It was important enough for Nathaniel to stop what he was doing to go see if this Messiah was the real deal.
He was open to the suggestion and the idea that God could intersect his day and his life even though he had his doubts that
anything good could come out of Nazareth.
How open are you that God can intersect your day?
Do you live in the moment enough to realize that God is working in your day?
God is working in the lives of those who come in contact with you?
If you are in communion with God, God is working in you to bring them into His presence.
An authentic person is not arrogant and is open to new knowledge.
Nathaniel did not believe anything good could come from Nazareth, certainly not a Messiah, but he wasn’t close minded.
“Close-minded people are more interested in proving themselves right than in getting the best outcome.” https://www.fs.blog/2017/09/open-closed-minded/
How close minded are you to God’s presence?
Would you admit that sometimes you are so sure you are right that nothing good can come from something that you are not willing to even entertain the idea that God might be right in the middle of it? Then you miss Him.
Could anything good come to Jericho? Had Zacchaeus not thought so, he would have missed Jesus.
Could anything good come to Samaria to a five-time divorced woman who was living with another man? Had the Women at the Well not thought so, she would have missed Jesus.
Could anything good come to Garasene? Had the man that had demons and no clothes not believe it, he would have missed Jesus.
How many times do religious people miss Jesus because we think Jesus has to show up in the way we have ordered Him, in the form of our worship we have chosen, or in the day we think we have ordered?
Religious people can be some of the most close-minded people you will meet.
However, the Spirit of God is like the wind, and it will blow where it wishes.
To avoid arrogance and to win credibility with others, we would do well to be open-minded enough to know that God is too big for us to capture and order around. We must be open to God surprising us.
Yes, it is true that truth is truth but to be authentic means we must be honest enough to know we are not infallible, and sometimes we misunderstood the truth.
Isn’t that what we are hoping people will come to realize when we share Jesus with them?
We are hoping that they will change their minds. We are hoping they will be open-minded enough to ask questions and to have a conversation about life, which will lead to a discussion about God.
Nathaniel changed his mind about Jesus. Something good actually did come from Nazareth.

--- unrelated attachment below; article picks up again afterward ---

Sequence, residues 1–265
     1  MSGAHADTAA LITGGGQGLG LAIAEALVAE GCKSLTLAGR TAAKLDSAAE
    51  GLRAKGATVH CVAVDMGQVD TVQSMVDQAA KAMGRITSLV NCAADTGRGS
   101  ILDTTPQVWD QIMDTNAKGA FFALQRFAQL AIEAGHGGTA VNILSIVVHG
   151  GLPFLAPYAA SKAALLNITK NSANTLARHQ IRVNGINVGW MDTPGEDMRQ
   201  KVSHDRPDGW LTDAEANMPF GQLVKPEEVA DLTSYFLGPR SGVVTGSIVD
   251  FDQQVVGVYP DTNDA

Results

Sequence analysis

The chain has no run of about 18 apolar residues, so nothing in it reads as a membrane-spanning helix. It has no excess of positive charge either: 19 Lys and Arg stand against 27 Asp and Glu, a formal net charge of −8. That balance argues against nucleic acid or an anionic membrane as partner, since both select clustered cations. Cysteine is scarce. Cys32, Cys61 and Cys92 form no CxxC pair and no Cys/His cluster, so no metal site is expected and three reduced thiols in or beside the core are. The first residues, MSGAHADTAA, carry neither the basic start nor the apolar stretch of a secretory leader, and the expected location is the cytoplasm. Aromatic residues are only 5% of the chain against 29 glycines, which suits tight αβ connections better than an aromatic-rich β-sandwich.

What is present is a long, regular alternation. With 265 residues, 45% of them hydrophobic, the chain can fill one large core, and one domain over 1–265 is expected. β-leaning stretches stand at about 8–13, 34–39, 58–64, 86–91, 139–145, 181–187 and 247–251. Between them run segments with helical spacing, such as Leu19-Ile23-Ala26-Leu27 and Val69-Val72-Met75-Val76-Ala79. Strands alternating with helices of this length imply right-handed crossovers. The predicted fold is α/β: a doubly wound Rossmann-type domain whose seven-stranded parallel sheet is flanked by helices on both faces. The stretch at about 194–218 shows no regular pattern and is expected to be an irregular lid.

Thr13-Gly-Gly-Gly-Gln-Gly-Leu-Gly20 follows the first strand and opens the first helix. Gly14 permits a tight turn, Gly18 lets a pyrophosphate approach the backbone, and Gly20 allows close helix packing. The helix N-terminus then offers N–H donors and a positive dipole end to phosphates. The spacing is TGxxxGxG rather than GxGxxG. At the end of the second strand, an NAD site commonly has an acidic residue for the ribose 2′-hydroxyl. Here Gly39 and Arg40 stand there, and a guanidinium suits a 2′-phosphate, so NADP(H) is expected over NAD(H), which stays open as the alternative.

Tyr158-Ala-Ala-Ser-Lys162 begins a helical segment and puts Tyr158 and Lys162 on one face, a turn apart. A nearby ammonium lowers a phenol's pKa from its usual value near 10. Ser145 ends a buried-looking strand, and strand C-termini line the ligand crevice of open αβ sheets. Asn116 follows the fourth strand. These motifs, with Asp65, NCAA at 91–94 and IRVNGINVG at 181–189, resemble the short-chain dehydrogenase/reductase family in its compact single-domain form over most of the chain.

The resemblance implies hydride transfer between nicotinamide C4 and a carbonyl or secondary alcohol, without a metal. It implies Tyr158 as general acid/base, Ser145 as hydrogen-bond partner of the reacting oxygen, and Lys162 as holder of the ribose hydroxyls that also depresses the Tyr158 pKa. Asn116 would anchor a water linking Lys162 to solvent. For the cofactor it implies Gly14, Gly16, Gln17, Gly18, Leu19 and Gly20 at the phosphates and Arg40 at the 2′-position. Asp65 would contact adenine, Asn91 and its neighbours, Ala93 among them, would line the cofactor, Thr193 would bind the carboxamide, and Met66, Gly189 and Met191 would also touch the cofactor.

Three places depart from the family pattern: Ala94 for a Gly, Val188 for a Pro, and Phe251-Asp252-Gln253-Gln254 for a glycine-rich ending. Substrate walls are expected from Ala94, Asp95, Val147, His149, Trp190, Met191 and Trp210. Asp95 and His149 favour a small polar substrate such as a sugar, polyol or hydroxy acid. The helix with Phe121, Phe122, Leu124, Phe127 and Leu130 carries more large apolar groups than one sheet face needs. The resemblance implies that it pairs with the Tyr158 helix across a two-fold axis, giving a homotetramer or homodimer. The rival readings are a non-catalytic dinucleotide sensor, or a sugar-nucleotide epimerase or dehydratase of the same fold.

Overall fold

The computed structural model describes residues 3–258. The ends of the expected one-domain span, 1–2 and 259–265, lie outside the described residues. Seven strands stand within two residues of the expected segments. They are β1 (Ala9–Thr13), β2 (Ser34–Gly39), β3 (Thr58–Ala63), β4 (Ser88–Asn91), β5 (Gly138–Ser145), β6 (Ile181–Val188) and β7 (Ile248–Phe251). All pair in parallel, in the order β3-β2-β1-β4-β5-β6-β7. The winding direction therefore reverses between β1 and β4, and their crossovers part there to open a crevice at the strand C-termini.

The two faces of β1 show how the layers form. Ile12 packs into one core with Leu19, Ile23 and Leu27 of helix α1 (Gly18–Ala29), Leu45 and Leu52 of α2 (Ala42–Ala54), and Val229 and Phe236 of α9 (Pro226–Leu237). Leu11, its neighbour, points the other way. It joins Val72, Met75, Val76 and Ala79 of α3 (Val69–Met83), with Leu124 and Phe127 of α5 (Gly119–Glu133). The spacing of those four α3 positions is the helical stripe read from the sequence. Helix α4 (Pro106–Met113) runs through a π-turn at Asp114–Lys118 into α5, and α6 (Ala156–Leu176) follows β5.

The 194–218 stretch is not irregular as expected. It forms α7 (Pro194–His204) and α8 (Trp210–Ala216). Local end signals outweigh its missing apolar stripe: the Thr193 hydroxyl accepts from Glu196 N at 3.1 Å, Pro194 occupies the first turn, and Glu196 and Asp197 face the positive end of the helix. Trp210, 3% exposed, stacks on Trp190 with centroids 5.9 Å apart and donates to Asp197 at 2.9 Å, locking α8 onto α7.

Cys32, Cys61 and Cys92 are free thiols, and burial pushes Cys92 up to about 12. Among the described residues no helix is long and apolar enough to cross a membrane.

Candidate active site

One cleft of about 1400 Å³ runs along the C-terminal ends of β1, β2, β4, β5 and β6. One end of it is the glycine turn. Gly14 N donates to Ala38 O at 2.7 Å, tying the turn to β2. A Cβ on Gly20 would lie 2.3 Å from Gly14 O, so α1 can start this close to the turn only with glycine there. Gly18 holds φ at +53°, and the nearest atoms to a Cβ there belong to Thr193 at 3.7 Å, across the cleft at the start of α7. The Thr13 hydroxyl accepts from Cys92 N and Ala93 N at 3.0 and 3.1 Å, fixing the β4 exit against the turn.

He was authentic enough that when he met Jesus, he was willing to confess, “Rabbi! You are the Son of God, the King of Israel.”
Jesus said, 50-51 “You’ve become a believer simply because I say I saw you one day sitting under the fig tree? You haven’t seen anything yet! Before this is over you’re going to see heaven open and God’s angels descending to the Son of Man and ascending again.”
The day Nathaniel became a believer must have been one of the greatest moments of his life.
He and Phillip never forgot it, which is the reason we can read about it now.
The most significant moment for any of us is the moment that our authentic self comes to affirm the reality that Jesus is our Savior.
Has that happened to you?
At this moment, while the Spirit of God speaks to you, will you confess that you want Jesus to live within you, to guide you in all things, and to grant you the promise of a heavenly home?
Right now, at this moment, tell express this to God.
Be real. Be authentic.
Should you want to share that confession with the church, share that decision with Justin and let him share it with the church.
Photo Credit: stockx.com
- Authenticity goes to the heart of our character.
- We don’t have to prove anything about Jesus. We just need to invite people to come and experience Jesus for themselves.
- Authentic people have established a core set of values and they have integrity.
- Authentic people learn how to live in the moment.
- We don’t have to prove anything about Jesus. We just need to invite people to come and experience Jesus for themselves
- Authentic people have established a core set of values and they have integrity.
- How can we be authentic Christians if we profess faith in God but run roughshod over the Sabbath?
- An authentic person is not arrogant and is open to new knowledge.
- The most significant moment for any of us is the moment that our authentic self comes to affirm the reality that Jesus is our Savior.